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Title: Evolution of the Variability of Surface Temperature and Vegetation Density in the Great Plains

Author
item Cosh, Michael
item STEDINGER, J
item OU, S
item LIOU, K
item BRUTSAERT, W

Submitted to: Advances in Water Resources
Publication Type: Peer Reviewed Journal
Publication Acceptance Date: 11/15/2006
Publication Date: 5/1/2007
Citation: Cosh, M.H., Stedinger, J., Ou, S.C., Liou, K.-N., Brutsaert, W. 2007. Evolution of the variability of surface temperature and vegetation density in the Great Plains. Advances in Water Resources. 30(5):1094-1104.

Interpretive Summary: Statistical analysis is used to analyze how land surface temperature and vegetation (as represented by a satellite index) vary for short periods of time, in multiple seasons. It is shown that vegetation changes little for short time periods, but there are significant changes between the seasons. Land surface temperature on the other hand shows significant changes from one day to the next. No strong relationship was apparent between either of these variables and the parameters of land cover, latitude, or time since precipitation.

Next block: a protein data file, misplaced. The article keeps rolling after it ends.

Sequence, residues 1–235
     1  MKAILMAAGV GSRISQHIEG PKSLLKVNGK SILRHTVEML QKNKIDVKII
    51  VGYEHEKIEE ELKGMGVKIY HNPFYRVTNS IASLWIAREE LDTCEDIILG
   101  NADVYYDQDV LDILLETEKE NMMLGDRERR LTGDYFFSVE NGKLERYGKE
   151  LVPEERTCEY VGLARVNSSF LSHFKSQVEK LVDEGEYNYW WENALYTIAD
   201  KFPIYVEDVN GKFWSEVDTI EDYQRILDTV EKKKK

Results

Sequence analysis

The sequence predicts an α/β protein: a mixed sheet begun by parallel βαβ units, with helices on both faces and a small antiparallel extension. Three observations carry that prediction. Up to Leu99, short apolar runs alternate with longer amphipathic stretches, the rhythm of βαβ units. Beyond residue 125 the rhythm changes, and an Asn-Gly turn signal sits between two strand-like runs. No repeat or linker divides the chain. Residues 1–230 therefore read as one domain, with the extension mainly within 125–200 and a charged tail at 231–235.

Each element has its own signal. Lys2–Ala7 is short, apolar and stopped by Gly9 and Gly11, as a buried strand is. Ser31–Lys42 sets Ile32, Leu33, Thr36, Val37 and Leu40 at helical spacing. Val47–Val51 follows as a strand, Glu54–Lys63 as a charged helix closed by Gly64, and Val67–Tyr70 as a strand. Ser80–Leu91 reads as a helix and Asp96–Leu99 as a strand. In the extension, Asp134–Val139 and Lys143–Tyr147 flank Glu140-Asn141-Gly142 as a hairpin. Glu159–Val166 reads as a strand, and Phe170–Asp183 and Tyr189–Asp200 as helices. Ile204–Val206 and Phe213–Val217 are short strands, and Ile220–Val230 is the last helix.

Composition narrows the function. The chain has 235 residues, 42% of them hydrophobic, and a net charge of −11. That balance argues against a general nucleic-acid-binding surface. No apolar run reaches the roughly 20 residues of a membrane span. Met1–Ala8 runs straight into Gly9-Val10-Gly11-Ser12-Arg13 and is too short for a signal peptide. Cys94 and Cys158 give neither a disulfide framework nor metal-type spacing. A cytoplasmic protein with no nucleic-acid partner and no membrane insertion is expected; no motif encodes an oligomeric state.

Technical Abstract: This study focuses on how the variability of land surface temperature and vegetation density at the SGP ARM-CART site changes over episodic (day to day) and seasonal time scales using AVHRR satellite data. Four drying periods throughout the year are analyzed. Land surface temperature had an erratic relationship with time exhibiting no deterministic pattern from day-to-day or season-to-season. Furthermore, it did not exhibit spatial pattern persistence. On the other hand, vegetation density had a consistent spatial pattern and temporal decay during average length drying periods (less than 7 days) as well as within a season. However, there were distinct differences in the seasonal pattern of variation between winter and growing seasons. In addition, the paper highlights a methodology to quantify the relationships that exist at the land surface between the primary parameter of interest and the controlling variables.